“The referee reported three players for assaulting him by striking him with the hurls and we had no option but to follow the rule book by issuing these proposed sanctions,” said a senior GAA official, who did not wish to be named. “We acted only on the referee’s report and 48 weeks is the minimum sanction for striking with the hurls.”

Team selector Pete Finnerty, the respected match analyst with RTE’s ‘Sunday game’, and David Glennon Snr. were both given proposed one month bans and the club was fined €200. Eight week bans were also imposed on Cathal Hardiman and Loughrea’s Nigel Shaughnessy, who were both red carded for striking each other in the first half of the game.

There had been some anger in the Mullagh camp before the fixture ever took place, when the Loughrea club succeeded in having it put back by a week after playing for three weekends in a row, but they agreed to go ahead with the game on October 18.

Both clubs were initially unaware that Ryan was suspended from office when he chaired the meeting to set the fixture for the following Sunday afternoon at Kenny Park, a week after it was originally supposed to take place as part of a double-header with the Gort versus Portumna game. It remains to be seen whether Ryan himself was aware that his ban had been re-imposed.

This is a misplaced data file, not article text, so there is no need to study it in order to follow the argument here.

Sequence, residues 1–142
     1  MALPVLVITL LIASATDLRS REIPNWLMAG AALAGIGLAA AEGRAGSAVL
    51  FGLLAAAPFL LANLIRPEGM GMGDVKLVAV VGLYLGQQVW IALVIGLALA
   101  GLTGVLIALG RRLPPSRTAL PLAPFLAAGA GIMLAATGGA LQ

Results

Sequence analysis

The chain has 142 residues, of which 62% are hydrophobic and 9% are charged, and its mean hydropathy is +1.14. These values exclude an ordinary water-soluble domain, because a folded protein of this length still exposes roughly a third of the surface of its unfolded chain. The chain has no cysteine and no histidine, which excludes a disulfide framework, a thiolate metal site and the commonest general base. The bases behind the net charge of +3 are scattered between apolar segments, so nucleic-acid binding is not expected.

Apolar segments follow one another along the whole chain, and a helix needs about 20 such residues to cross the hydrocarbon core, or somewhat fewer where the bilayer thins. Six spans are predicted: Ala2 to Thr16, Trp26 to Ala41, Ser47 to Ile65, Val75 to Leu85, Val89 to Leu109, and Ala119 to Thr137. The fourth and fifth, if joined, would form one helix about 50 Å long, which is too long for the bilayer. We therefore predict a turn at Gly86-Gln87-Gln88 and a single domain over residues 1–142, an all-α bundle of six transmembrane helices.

After the initial hurt caused by losing the game so narrowly and under such controversial circumstances, Mullagh had intended to accept their lot. But all of that changed when news came through of the penalties which were handed down to their players after
Hurling Board officials considered Helebert’s report into the game.

“We were fierce upset to lose by a point, but we said that we would take our beating as we didn’t want to be seen as bad losers,” said Mullagh hurling Club Secretary Francis Keane this week. “We were happy to let it lie.”

Keane admitted …

Galway in Days Gone By

The way we were – Protecting archives of our past



A photo of Galway city centre from the county council's archives

People’s living conditions less than 100 years ago were frightening. We have come a long way. We talk about water charges today, but back then the local District Councils were erecting pumps for local communities and the lovely town of Mountbellew, according to Council minutes, had open sewers,” says Galway County Council archivist Patria McWalter.

Patria believes we “need to take pride in our history, and we should take the same pride in our historical records as we do in our built heritage”. When you see the wealth of material in her care, this belief makes sense.